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15. Bureau of Indian Affairs (" BIA" ) Law Enforcement Officers on the Northern Cheyenne Reservation are charged with executing warrants and other orders from the Tribal Court. (Doc. 34 at ¶ 22.)

16. BIA Law Enforcement Officer Hawk Haakanson arrested Roberts on July 24, 2010, within the external boundaries of the Northern Cheyenne Reservation at approximately 1:03 p.m., and transported her directly to the BIA Detention Center in Lame Deer, Montana. (Doc, 34 at ¶ ¶ 23,24; Doc. 24 at 23:4.)

17, Roberts posted bond and was released from custody at 2:30 p.m. on July 24, 2010. (Doc. 34 at ¶ 27.)

18. A second bench warrant was issued on October 19, 2010, for Roberts arrest for failing to appear as directed for the status conference set for October 19, 2010, before the Tribal Court. (Doc. 34 at ¶ 32.)

19. The warrant commanded law enforcement to arrest Roberts and bring her before the Tribal Court for failure to appear, (Doc, 34 at ¶ 33.)

20. Roberts was arrested on the warrant within the external boundaries of the Northern Cheyenne Reservation by BIA Law Enforcement Officer Randy Elliot on February 19, 2011, at approximately 10:34 a.m. (Doc. 34 at ¶ 34; Doc. 27 at 23: 21.)

21. Elliot transported Roberts to the BIA Detention Center, and was released approximately one-half hour later at 11:10 a.m. (Doc. 34 at ¶ 37.)

22. Roberts submitted an administrative tort claim to the Bureau of Indian Affairs on February 17, 2013. (Doc. 34 at ¶ 50.)

DISCUSSION

Roberts brought this action against BIA Law Enforcement Officers Haakanson, Elliot, and Scott in their individual capacities alleging that the officers violated her constitutional rights under the Fourth and Fifth Amendment to the United States Constitution, (CV 13-26-BLG-SEH, Doc. 1.) Roberts also asserted a claim against the United States under the Federal Tort Claims Act (" FTCA" ) for false arrest, false imprisonment, and negligent infliction of emotional distress. (CV 14-16-BLG-SEH, Doc. 1.) The two actions have been consolidated. (Doc. 31.) The federal defendants have moved the Court for an order granting summary judgment as to all claims in the consolidated actions. (Doc. 32.)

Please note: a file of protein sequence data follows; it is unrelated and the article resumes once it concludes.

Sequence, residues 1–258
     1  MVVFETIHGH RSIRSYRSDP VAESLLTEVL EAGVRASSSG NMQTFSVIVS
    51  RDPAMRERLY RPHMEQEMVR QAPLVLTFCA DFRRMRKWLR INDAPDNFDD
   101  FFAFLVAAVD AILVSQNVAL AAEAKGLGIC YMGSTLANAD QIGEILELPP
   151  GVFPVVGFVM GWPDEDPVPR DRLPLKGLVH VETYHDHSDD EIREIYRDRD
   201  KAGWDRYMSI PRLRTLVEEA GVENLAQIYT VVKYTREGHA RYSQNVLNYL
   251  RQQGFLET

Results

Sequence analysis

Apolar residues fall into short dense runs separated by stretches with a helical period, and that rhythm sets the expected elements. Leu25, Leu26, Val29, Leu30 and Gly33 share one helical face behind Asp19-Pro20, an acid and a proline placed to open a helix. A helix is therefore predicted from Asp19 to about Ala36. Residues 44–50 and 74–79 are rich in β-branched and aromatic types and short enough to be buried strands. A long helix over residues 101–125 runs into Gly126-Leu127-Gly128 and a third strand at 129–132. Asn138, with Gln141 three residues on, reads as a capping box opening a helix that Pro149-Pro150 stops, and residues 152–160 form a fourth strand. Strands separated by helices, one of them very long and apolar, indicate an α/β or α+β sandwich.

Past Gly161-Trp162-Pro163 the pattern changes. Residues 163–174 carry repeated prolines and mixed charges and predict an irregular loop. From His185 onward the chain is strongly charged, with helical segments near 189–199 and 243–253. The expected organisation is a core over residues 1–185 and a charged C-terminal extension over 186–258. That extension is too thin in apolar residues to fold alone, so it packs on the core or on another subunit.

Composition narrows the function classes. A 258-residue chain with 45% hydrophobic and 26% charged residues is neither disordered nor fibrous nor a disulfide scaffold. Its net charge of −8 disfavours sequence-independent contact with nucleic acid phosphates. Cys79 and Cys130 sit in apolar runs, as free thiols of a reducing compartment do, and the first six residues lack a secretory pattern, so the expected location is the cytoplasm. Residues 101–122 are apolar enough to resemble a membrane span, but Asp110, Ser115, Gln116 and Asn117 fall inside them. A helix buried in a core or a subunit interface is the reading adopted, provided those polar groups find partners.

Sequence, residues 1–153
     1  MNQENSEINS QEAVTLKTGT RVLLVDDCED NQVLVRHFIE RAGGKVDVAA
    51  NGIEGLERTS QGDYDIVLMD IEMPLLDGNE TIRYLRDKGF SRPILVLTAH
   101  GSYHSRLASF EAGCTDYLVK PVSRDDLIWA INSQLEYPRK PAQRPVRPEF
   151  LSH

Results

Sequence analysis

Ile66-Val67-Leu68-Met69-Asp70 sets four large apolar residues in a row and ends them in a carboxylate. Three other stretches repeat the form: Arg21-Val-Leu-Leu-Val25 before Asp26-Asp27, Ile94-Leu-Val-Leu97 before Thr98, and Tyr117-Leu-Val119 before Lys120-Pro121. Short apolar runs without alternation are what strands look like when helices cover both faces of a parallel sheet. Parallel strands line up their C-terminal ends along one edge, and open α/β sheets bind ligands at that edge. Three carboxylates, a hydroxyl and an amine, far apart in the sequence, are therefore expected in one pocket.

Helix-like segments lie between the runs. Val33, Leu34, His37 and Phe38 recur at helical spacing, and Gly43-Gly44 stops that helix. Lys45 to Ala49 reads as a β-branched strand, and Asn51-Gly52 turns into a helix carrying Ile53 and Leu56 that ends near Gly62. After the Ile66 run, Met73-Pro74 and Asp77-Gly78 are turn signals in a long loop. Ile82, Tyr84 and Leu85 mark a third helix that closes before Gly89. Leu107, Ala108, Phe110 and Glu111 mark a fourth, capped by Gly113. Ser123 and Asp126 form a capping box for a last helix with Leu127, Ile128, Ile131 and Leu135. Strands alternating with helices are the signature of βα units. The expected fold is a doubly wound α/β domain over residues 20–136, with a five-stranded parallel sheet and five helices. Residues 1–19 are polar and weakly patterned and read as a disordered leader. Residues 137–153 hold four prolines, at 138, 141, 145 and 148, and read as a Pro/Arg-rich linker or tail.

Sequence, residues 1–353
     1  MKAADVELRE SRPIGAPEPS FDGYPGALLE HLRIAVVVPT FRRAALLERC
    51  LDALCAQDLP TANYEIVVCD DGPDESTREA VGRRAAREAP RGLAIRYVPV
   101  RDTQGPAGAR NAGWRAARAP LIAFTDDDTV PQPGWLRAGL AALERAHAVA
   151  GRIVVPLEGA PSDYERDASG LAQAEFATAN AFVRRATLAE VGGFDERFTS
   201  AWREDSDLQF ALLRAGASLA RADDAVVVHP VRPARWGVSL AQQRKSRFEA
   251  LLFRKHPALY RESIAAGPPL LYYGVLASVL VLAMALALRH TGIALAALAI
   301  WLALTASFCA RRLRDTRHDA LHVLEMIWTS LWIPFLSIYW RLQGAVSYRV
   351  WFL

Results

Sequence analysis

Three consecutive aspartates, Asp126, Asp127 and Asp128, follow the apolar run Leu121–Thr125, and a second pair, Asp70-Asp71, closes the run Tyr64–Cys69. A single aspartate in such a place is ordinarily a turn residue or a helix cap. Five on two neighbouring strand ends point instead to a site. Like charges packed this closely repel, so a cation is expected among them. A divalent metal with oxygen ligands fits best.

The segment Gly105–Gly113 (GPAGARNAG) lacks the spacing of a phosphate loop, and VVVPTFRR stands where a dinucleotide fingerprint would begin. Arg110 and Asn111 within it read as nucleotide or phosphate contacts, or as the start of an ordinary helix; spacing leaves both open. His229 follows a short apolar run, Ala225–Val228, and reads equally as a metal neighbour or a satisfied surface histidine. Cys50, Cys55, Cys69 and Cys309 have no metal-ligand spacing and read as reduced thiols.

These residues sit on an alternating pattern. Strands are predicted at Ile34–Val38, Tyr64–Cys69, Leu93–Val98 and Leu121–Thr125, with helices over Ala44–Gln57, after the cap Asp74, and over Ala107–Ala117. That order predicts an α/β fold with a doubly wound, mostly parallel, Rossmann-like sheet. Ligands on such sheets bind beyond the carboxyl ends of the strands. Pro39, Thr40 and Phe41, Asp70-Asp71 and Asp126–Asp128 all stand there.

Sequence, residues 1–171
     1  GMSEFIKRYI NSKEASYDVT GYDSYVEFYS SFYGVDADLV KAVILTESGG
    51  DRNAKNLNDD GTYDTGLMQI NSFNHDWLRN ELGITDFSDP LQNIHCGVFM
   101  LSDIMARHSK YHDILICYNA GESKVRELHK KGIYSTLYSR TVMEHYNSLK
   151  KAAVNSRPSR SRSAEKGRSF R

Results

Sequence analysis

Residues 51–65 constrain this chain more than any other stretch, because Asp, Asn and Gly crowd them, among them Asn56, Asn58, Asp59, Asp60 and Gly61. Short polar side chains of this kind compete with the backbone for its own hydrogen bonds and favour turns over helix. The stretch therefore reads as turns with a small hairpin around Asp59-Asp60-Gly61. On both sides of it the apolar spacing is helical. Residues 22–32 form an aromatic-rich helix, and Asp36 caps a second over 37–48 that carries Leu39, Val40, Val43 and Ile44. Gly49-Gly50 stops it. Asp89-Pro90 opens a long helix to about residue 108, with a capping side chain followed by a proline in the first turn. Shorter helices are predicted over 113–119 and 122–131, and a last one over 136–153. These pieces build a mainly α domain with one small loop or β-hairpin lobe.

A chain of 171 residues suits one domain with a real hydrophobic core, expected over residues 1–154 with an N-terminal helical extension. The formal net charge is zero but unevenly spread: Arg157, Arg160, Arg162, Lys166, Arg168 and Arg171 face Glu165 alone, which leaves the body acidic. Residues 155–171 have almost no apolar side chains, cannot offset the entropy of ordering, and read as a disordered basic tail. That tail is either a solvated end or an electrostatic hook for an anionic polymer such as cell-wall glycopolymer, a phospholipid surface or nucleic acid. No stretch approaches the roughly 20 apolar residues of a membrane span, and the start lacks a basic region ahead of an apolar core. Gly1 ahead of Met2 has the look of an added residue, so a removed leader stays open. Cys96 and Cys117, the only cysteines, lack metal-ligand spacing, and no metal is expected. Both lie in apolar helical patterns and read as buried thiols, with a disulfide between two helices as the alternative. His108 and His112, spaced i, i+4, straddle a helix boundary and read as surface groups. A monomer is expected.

Analysis

I. Individual capacity claims against the BIA Officers.

The claims against Haakanson, Elliot and Scott are grounded in Bivens v. Six Unknown Named Agents of FBI, 403 U.S. 388, 91 S.Ct. 1999, 29 L.Ed.2d 619 (1971) in which the Supreme Court recognized a private right of action for persons deprived of constitutional rights by federal employees. Roberts alleges that her arrests by BIA officers on the Tribal warrants were unconstitutional because the Tribal Court lacked jurisdiction to prosecute her.

Harlow v. Fitzgerald, 457 U.S. 800, 818, 102 S.Ct. 2727, 73 L.Ed.2d 396 (1982) firmly establishes that qualified immunity shields government officials performing discretionary functions " from liability for civil damages insofar as their conduct does not violate clearly established statutory or constitutional rights of which a reasonable person would have known." The protections afforded by that immunity are broad, and may insulate a defendant's conduct even if a plaintiffs rights were violated. See McCullough v. Wyandanch Union Free School Dist, 187 F.3d 272, 277 (2d Cir. 1999) (" [T]he whole point of the qualified immunity defense is to allow a defendant to be dismissed out of the case even if a right was actually violated,. . ." ).